Running requires many parts of your body to work in tandem and under stress for a prolonged period of time. Generally, your muscles and bones are good at working together—but there is room for error even in the best circumstances. As a runner, there are a few measures you can take to minimize your risk of these common injuries.
What are shin splints?
Shin splints are a sharp pain down the front of your shinbone. They’re especially common for new runners and those returning to running. They can also crop up from overuse or running on surfaces you’re not used to—like concrete, grass or a treadmill.
How can I avoid shin splints?
Avoid shin splints by running on similar surfaces as much as possible, increasing your mileage gradually, resting between runs, and wearing supportive shoes (replaced every 300 miles or so).
What is plantar fasciitis?
Plantar fasciitis is an incessant pain in the bottom of your heel. It’s a frustrating injury because the pain persists whenever you’re on your feet—whether you’re running, walking or standing. In some cases, plantar fasciitis will go away on its own, but it could also last anywhere from six months to several years without treatment.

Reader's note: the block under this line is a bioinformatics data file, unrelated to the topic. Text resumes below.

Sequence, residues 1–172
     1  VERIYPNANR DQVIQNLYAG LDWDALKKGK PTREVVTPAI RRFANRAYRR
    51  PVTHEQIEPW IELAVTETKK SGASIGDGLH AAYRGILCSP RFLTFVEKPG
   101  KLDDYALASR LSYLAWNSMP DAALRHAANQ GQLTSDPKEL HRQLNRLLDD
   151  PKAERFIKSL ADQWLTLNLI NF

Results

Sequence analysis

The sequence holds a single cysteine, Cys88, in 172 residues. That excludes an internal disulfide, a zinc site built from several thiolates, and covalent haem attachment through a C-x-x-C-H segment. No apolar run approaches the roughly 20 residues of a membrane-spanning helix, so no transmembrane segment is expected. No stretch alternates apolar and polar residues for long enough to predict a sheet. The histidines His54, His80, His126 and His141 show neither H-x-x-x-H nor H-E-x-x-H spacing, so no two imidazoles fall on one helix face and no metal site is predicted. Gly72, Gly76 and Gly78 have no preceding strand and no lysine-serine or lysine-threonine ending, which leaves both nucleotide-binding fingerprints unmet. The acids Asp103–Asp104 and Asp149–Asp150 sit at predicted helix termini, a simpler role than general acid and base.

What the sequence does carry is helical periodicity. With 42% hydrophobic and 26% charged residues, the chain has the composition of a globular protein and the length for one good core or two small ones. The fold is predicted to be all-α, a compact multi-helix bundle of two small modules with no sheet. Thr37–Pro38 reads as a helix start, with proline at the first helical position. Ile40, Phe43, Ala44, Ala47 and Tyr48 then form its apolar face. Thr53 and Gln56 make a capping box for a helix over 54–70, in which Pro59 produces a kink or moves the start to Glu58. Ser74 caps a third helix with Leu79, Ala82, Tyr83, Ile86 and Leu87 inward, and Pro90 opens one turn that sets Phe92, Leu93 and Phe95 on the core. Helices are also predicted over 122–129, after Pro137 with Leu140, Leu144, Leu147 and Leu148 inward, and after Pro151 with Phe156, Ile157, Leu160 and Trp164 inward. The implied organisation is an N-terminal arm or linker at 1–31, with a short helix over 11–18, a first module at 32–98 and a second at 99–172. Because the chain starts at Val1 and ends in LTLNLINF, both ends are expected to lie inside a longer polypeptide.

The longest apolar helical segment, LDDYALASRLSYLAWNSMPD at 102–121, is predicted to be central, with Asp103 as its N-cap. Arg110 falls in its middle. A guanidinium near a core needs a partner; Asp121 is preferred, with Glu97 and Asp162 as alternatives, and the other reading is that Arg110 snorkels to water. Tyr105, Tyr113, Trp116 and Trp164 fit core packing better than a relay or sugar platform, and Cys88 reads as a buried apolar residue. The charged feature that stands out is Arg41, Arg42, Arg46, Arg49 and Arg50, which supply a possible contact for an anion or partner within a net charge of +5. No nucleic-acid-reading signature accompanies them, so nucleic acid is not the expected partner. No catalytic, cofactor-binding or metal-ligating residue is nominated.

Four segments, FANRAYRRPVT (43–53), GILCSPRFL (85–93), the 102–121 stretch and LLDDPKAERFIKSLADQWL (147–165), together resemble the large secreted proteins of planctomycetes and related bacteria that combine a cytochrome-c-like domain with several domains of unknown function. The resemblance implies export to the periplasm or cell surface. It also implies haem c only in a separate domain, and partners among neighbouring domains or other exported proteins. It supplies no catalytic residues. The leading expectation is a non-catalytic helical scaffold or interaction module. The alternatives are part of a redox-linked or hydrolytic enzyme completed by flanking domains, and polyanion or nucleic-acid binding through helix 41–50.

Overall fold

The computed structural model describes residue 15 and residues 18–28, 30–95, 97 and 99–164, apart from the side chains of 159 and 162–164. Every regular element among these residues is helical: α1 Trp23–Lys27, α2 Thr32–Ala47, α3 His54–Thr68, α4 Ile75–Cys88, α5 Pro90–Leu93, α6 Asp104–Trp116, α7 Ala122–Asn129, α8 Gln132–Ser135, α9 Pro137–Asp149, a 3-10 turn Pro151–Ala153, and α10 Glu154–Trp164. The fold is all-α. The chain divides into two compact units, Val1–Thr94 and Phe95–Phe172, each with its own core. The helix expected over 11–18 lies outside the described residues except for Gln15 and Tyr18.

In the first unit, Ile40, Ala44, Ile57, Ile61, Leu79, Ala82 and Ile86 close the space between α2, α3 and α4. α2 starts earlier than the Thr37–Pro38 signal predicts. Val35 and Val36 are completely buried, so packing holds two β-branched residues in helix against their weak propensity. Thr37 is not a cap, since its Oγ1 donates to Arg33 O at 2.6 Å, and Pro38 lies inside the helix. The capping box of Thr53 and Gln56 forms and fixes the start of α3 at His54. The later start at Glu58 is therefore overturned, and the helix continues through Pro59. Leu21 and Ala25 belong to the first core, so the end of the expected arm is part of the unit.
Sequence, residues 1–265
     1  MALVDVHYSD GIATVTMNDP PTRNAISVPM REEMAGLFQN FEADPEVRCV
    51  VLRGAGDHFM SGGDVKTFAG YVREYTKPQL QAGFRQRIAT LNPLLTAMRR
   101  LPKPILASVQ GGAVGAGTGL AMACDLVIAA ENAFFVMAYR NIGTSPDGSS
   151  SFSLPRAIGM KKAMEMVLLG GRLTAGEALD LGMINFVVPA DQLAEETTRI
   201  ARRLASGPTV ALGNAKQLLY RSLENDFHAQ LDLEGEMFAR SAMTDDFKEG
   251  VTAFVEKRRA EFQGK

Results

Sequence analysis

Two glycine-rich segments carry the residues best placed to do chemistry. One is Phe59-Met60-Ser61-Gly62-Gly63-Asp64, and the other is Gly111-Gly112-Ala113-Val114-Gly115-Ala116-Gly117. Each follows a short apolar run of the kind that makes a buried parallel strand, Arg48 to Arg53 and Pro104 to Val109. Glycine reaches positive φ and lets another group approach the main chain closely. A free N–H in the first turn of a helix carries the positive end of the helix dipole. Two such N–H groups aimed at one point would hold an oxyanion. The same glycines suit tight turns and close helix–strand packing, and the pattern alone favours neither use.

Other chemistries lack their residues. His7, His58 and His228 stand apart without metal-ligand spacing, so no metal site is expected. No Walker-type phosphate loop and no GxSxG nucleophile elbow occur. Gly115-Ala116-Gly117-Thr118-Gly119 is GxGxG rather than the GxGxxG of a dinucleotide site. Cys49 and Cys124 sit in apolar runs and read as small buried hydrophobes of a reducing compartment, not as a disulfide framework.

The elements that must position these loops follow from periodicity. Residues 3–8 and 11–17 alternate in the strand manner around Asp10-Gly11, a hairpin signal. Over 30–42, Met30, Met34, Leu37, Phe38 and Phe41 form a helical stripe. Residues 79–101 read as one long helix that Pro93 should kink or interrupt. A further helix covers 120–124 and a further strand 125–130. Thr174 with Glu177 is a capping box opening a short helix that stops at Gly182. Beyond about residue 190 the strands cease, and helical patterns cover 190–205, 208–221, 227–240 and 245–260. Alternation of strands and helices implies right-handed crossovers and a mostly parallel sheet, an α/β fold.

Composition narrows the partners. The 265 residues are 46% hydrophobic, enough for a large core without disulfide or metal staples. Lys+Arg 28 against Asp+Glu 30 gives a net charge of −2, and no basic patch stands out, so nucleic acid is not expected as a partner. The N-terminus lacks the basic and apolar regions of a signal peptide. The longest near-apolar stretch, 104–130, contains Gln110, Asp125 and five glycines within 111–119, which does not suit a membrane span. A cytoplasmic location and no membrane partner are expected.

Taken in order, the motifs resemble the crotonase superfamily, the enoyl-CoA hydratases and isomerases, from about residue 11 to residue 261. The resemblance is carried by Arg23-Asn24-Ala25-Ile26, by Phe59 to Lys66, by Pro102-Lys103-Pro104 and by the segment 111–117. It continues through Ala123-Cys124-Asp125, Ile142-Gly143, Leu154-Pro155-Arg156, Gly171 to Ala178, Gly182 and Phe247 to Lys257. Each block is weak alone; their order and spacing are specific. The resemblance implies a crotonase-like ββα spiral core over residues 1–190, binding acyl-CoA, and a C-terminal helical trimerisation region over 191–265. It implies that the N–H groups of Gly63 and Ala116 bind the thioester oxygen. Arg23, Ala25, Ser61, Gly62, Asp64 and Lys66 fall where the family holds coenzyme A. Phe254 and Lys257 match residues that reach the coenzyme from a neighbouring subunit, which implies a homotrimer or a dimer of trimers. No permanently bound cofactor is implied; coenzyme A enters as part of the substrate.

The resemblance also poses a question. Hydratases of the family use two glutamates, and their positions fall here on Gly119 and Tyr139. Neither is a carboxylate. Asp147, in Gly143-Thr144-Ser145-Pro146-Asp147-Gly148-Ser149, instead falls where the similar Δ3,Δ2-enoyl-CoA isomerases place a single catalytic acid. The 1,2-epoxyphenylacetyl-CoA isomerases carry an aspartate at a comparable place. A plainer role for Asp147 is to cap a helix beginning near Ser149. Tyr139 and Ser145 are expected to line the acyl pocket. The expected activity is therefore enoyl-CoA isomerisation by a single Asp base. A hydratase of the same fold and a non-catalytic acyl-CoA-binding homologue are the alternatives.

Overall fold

How can I avoid plantar fasciitis?
Good running shoes are key—especially for runners with flat feet or high arches. Adequate support goes a long way. Stretching before and after running—particularly your hip flexors, calves, and hamstrings—can also help prevent plantar fasciitis.
What is a stress fracture?
A stress fracture is an overtraining injury caused by repeatedly putting stress on your bones by running too far, too often, at too high of an intensity and without adequate recovery. Eventually, they start to crack. Stress fractures are very serious and painful, and usually require six to eight weeks of recovery.
How can I avoid a stress fracture?
Ease your way into running and progress overtime. Also, get rid of any running shoes that you’ve logged 300 to 400 miles in (for most runners, that’s every four to six months).
Remember to stay mindful during your training. Always listen to your body, stick to a progressive routine, and take time to rest and recover. It’s the best way to avoid injuries and keep yourself on track for long-term success.
Please note: This blog is not intended to be a substitute for professional medical advice, diagnosis, or treatment. Always seek the advice of your physician or other qualified health provider with any questions you may have regarding a medical condition.